Perry Waddell was found guilty by jury of rape, burglary and theft by taking. A co-defendant, Dwayne Dublin, had earlier pled guilty to the same offenses. Dublin is appellant Waddell's cousin. Dublin gave a statement, and later testified at appellant Waddell's trial, that in the early morning hours of June 8, 1981, appellant entered the victim's apartment through an upstairs window and went downstairs to unlock the door and let Dublin in. The victim and her three children were asleep in the living room. (The victim testified they slept there because she had been raped the previous month, and the children were afraid to sleep alone. She had bought a shotgun and kept it on the floor by the couch where she slept.) Dublin stated essentially that he raped the victim on the couch by force while appellant restrained the victim's nine-year-old daughter on a mattress on the floor nearby; then appellant raped the victim while Dublin looked for the shotgun, which apparently appellant had already removed. At trial the judge admitted a taped statement by appellant, which echoed Dublin's statement in material and detailed particulars, except that each cousin's version made the other out to be the instigator and the greater villain. On appeal, Waddell cites four alleged errors. Held:
1. Appellant contends the trial court erred in allowing appellant's taped statement into evidence, because the statement was coerced from appellant by Dublin's threats. The state's evidence in limine hearing, and during trial within the jury's presence and without, showed that appellant was interviewed or questioned on at least two occasions before he gave his taped confession on July 6, 1981. The police detectives did not threaten or coerce him; but they testified that at one of the earlier interviews the co-defendant Dublin, who had already confessed, at one point quite heatedly urged appellant to tell the truth "or he would beat the hell out of him," or words to that effect. Dublin agreed at trial that he had urged appellant to tell the truth. Appellant and Dublin had requested to be kept in the same cell and the evidence shows as a reasonable inference that even after this "threat" by Dublin, appellant and Dublin requested to remain in the same cell and were on friendly terms. Appellant confessed three or four days later, apparently after a visit by a local preacher who convinced him to tell the truth. Appellant's tape confession, without interruption or prompting, describes articulately and in some detail the events earlier described by Dublin and the victim.
The appellant testified at trial. He stated that the police coerced his confession by threats and violent language and told him everything to say; but appellant never mentioned that he had been coerced by Dublin, nor did he express any animosity towards Dublin or give any explanation as to why his cousin Dublin had wrongfully accused him, nor did he explain how the violent language of the police caused such fear that he confessed and described in such detail serious crimes he did not commit. His testimony at trial is inconsistent with his contention on appeal that his cousin, as an agent of the police, threatened to physically injure him and thus coerced his confession. The evidence in the case authorizes the finding that appellant's confession was not induced by such fear of injury as to be involuntarily made and inadmissible. See Code Ann. 38-411. The tape confession was admissible. See esp. Brooks v. State, 244 Ga. 574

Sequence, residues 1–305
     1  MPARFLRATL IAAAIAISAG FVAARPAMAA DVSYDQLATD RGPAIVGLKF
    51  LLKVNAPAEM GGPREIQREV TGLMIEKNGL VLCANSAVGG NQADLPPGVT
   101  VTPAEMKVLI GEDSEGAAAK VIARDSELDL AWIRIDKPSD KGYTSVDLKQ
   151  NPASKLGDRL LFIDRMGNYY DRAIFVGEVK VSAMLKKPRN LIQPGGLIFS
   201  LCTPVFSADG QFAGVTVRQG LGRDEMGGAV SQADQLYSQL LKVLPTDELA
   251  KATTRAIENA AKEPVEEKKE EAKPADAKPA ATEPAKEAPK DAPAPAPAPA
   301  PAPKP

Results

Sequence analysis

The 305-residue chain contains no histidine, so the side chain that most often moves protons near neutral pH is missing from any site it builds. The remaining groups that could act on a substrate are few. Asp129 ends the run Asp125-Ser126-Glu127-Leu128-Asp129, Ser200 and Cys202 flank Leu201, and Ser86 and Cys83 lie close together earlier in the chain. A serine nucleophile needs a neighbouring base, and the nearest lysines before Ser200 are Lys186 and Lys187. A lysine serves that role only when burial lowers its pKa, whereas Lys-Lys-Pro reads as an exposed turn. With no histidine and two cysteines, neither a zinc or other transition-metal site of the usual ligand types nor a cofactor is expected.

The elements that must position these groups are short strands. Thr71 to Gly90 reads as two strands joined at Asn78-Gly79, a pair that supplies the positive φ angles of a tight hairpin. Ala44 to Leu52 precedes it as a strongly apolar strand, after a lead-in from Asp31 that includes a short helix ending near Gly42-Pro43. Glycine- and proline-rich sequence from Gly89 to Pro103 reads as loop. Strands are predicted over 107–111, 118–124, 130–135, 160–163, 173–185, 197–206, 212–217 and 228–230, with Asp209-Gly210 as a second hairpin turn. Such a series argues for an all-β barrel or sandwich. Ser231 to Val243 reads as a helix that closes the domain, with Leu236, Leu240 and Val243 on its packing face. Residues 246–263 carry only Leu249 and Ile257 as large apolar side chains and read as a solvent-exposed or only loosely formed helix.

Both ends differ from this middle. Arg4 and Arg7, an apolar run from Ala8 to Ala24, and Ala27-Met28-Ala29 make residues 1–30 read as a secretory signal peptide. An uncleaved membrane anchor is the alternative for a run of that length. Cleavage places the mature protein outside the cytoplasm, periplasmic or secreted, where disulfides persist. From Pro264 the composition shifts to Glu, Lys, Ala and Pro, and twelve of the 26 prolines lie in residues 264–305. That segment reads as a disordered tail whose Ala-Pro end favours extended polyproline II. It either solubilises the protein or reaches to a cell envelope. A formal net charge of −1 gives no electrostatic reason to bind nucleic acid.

, 581 (261 SE2d 379
2. Neither was the tape confession inadmissible because appellant was not given the requisite Miranda rights warning. The evidence is undisputed that appellant was fully warned of his Miranda rights before the two interviews preceding the interview at which he confessed, that appellant read and signed a "waiver" card each time. At the third interview, merely three or four days later when appellant ultimately confessed, a law enforcement officer asked appellant if he had been advised of his rights to remain silent and to have counsel, and appellant replied that he understood his rights and did not want an attorney. The evidence shows to a preponderance, and supports the trial court's finding, that the confession was preceded by the appellant's knowing and voluntary waiver of his Miranda rights. Brooks v. State, supra, pp. 581-582.
3. The victim's in-court identification of appellant as one of the rapists was not inadmissible as being tainted by improper identification process before trial. The rape occurred in a nearly dark room. The mere fact, which was well explored at trial, that the victim failed to identify appellant at a line-up soon after the rape occurred does not infect her later independent identification of him as the rapist. Her identification of appellant at preliminary hearing and at trial by his "broken out" forehead was of independent origin, as she testified that she had tried to push the rapist away and felt the "bumps" on his forehead with her hand as she did so. See Foster v. State, 156 Ga. App. 672
, 673-674 (275 SE2d 745
). The identification was not constitutionally tainted so as to be inadmissible. It was properly admitted and its weight and credibility left to the jury, to be considered with the other evidence in the case.
4. Appellant's final enumeration is based on the general grounds of evidentiary sufficiency. However, we find the evidence in this case was such that a reasonable trier of fact could have found proof of guilt beyond a reasonable doubt. Turner v. State, 151 Ga. App. 169
, 170 (259 SE2d 171
F. Larry Salmon, District Attorney, Robert Engelhart, Assistant District Attorney, for appellee.